Open States Transparency
The Sunlight Foundation released an "Open Legislative Data Report Card" in March 2013. Michigan was given a grade of C in the report. The report card evaluated how adequate, complete and accessible legislative data is to the general public. A total of 10 states received an A -- Arkansas, Connecticut, Georgia, Kansas, New Hampshire, New York, North Carolina, Texas, Virginia and Washington.
- See also: Michigan State Senate elections, 2014
Elections for the office of Michigan State Senate will take place in 2014. A primary election was held on August 5, 2014, and a general election will take place on November 4, 2014. The signature-filing deadline for candidates wishing to run in this election was April 22, 2014.
- See also: Michigan State Senate elections, 2010
Elections for the office of Michigan Senate were held in Michigan on November 2, 2010. The signature-filing deadline for candidates wishing to run in these elections was May 11, 2010, and the primary Election Day was on August 3, 2010.
In 2010, the candidates running for state senate raised a total of $16,309,515 in campaign contributions. The top 10 donors were:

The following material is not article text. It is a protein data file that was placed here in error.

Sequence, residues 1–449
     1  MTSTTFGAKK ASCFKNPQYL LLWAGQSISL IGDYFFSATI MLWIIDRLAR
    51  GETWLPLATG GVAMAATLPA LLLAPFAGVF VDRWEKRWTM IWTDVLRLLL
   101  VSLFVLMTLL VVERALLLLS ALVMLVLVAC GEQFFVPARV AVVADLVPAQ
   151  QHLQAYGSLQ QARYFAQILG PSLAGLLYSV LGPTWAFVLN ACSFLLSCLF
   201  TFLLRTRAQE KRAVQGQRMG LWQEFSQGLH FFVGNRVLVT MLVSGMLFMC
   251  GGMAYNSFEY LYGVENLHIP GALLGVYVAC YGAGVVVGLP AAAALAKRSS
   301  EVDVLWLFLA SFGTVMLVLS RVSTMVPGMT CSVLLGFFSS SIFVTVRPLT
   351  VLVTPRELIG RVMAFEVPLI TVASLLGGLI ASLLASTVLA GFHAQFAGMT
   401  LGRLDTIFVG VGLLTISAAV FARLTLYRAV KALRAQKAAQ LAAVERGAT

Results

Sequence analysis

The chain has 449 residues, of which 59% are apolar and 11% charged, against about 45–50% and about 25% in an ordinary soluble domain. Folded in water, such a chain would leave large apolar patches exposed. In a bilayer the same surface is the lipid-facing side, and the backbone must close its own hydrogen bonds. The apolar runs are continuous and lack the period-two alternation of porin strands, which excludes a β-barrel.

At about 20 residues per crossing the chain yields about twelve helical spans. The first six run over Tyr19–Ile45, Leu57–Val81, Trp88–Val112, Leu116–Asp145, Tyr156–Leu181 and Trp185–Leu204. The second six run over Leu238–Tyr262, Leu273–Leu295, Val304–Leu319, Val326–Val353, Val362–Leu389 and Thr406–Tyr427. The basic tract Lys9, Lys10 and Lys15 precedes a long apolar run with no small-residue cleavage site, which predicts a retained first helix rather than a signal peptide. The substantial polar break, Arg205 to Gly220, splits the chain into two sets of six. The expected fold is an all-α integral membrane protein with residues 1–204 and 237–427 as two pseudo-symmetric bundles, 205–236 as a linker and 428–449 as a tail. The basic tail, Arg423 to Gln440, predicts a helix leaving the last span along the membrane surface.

|2010 Donors, Michigan State Senate|
|Senate Republican Campaign Cmte of Michigan||$2,652,845|
|Michigan Senate Democratic Fund||$808,605|
|Trebesh, Michael Frederick||$353,093|
|Michigan Beer & Wine Wholesalers Association||$198,846|
|Michigan Chamber of Commerce||$169,110|
|Michigan Education Association||$163,425|
|Michigan Bankers Association||$149,150|
|Michigan Association of Realtors||$123,450|
- See also: Michigan State Senate elections, 2006
Elections for the office of Michigan State Senate consisted of a primary election on August 8, 2006, and a general election on November 7, 2006.
During the 2006 election, the total of contributions to Senate candidates was $14,463,621. The top 10 contributors were:
|2006 Donors, Michigan State Senate|
|Michigan Senate Republican Campaign Cmte||$2,290,135|
|Senate Democratic Fund Of Michigan||$1,293,060|
|Michigan Senate Democratic Caucus Fund||$587,712|
|Williamson, Patsy Lou||$330,165|
|Voorhees, Joanne M||$206,970|
|Blue Cross Blue Shield Of Michigan||$203,790|
|United Automobile Aerospace & Agricultural Implement Workers Of America||$172,945|
|Michigan Beer & Wine Wholesalers Association||$152,887|
|Maine Forest Products Council||$152,650|
|Business Minded Democrats||$148,050|
- See also: Michigan State Senate elections, 2002